Russia cuts key rate to 11% despite weak oil and ruble

General view of the Russian Central Bank in Moscow © Sergei Karpukhin
The Central Bank of Russia (CBR) has cut the key interest rate from 11.5 percent to 11.0 percent. Even though there is a slight increase in inflation risks, the CBR says economic growth is a priority. It is the fifth consecutive rate cut this year.

"Major macroeconomic indicators demonstrate further economy cooling. The Bank of Russia estimates GDP decrease in 2015 Q2 compared with the similar quarter last year to be more significant than that in Q1 2015," the Central Bank of Russia (CBR) said in a statement Friday.

The regulator expects consumer price rises will continue to slow amid slack domestic demand.

“Annual inflation will fall below 7 percent in July 2016 and reach the 4 percent target in 2017. The Bank of Russia will further decide on its key rate depending on the balance of inflation risks and risks of the economy cooling,” CBR added.

The Russian ruble continued its decline on Friday following the Central Bank’s rate cut decision, trading at 61.09 against the dollar and 67.72 against the euro on the Moscow Exchange at 17:37 MSK.

READ MORE: Ruble tumbles before Central Bank key rate decision

While helping balance the effect of falling oil prices on the Russian budget, the weaker ruble means more expensive imported goods.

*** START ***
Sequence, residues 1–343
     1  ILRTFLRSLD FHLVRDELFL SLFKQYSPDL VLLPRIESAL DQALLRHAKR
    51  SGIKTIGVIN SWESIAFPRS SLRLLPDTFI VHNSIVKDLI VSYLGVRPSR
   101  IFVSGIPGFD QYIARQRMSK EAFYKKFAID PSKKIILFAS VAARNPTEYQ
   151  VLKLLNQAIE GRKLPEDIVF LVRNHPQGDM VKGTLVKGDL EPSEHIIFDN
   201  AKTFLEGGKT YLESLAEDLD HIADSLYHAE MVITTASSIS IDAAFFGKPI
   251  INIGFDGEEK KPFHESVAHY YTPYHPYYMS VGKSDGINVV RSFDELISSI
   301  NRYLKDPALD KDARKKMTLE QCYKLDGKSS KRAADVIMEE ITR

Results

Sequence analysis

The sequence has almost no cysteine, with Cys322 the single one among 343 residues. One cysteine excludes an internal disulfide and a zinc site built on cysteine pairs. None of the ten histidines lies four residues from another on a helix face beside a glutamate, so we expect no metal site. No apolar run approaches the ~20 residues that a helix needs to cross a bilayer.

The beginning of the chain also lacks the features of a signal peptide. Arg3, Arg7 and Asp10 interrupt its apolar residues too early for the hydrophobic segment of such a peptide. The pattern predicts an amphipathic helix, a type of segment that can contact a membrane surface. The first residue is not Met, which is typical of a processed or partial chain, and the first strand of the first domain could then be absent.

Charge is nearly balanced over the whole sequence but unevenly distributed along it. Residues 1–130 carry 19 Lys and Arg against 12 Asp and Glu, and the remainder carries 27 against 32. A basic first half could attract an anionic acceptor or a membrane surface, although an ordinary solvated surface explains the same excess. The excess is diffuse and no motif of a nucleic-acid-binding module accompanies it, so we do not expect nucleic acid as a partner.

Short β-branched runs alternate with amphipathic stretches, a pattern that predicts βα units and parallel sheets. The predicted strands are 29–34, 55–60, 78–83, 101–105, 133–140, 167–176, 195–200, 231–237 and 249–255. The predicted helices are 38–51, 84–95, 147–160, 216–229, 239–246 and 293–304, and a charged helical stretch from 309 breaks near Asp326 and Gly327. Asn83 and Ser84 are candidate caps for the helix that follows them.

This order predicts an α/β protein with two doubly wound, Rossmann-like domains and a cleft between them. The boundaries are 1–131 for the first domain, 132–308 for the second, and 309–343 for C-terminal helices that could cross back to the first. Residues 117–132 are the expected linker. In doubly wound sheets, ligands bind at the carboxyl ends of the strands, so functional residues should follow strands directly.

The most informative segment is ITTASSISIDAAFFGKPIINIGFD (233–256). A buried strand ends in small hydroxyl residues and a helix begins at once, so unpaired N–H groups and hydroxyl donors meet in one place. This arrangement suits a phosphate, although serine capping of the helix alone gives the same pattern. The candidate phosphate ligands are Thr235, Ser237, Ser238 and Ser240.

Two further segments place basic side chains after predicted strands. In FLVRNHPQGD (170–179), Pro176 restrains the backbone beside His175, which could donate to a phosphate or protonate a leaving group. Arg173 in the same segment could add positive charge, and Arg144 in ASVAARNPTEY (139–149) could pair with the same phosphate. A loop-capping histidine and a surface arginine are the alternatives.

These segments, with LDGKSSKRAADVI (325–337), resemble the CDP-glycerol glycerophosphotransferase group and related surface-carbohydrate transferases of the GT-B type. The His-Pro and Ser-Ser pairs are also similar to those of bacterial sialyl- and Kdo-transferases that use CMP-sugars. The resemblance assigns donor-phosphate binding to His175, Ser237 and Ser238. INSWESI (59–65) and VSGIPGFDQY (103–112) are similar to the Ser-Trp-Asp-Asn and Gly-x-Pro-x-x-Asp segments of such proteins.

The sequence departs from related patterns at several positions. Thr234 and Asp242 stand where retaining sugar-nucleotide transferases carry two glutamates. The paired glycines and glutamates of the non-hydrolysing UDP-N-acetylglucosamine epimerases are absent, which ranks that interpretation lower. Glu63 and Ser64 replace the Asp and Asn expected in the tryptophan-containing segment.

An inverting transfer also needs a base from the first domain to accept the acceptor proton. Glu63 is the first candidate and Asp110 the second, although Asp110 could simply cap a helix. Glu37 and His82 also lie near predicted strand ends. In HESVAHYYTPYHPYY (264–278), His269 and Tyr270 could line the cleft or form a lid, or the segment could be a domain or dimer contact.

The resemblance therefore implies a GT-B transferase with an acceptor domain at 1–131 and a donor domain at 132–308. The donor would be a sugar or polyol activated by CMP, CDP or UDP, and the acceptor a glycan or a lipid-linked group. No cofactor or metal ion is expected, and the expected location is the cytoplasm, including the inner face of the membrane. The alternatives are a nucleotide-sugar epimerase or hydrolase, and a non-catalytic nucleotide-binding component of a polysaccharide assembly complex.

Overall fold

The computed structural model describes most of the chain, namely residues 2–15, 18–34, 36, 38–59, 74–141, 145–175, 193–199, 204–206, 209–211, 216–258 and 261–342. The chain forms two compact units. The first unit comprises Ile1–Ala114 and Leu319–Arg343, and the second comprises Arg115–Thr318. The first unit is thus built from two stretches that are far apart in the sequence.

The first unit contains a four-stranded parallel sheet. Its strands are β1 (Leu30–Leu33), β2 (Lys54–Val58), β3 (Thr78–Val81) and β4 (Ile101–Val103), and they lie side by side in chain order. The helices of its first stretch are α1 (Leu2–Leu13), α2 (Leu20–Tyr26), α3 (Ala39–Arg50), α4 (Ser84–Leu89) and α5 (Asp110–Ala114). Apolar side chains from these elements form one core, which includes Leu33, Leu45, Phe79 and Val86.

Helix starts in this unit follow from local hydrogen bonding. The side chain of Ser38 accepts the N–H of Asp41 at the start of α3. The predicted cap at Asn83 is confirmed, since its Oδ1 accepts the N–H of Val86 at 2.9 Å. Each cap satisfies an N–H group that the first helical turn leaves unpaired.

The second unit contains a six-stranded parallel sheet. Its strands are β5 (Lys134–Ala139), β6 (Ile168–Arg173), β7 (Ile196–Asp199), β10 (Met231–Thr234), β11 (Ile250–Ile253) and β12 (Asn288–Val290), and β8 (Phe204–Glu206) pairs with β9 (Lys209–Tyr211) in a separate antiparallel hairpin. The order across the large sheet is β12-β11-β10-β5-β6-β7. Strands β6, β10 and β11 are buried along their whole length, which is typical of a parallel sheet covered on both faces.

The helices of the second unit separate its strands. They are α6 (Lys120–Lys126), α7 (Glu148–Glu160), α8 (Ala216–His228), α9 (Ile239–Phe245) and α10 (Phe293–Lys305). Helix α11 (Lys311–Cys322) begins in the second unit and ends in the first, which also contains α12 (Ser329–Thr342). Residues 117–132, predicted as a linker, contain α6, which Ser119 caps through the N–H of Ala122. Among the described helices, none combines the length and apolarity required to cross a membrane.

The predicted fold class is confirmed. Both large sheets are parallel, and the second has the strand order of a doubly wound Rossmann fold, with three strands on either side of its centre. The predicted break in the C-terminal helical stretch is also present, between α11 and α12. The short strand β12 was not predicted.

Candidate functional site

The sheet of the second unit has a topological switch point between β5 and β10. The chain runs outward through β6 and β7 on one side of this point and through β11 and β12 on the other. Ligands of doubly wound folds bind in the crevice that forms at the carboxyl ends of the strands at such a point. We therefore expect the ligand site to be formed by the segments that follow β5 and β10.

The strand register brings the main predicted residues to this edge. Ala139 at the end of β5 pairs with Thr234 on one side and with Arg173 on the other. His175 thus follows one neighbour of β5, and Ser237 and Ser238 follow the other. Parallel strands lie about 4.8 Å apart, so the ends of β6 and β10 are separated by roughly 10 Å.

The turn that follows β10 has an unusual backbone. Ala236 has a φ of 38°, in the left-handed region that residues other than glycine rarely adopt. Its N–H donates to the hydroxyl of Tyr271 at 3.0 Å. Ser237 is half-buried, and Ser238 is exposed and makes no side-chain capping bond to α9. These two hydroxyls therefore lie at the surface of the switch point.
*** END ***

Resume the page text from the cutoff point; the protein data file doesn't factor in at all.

The regulator also said that “the economic situation in Russia will further depend on the dynamics of world energy prices and the economy’s ability to adapt to external shocks”. The scenario of oil prices remaining below $60 per barrel for a long time is more probable than it was in June, the bank added.

The next rate setting meeting of the Bank of Russia Board of Directors is scheduled for 11 September 2015.

In June, the Central Bank of Russia cut the key interest rate from 12.5 to 11.5 percent, citing lowering inflation risks as the economy was cooling. The bank then predicted annual inflation by June 2016 would be under 7 percent and would reach the 4 percent target in 2017. It also said that it would continue to cut the interest rate as inflation continued to slow down.

In December the Central Bank hiked the key interest rate to 17 percent in an attempt to curb inflation risks and ruble depreciation. The measure only temporarily calmed the ruble which then lost more than 20 percent, with one dollar buying 80 rubles on the day.

The Russian currency rebounded in the first quarter of this year to an average of 55 against the greenback. This week the ruble fell to a 4-month low, trading at 60 against the dollar and 66.5 against the euro. The currency weakened due to falling oil prices and the stock market crisis in China.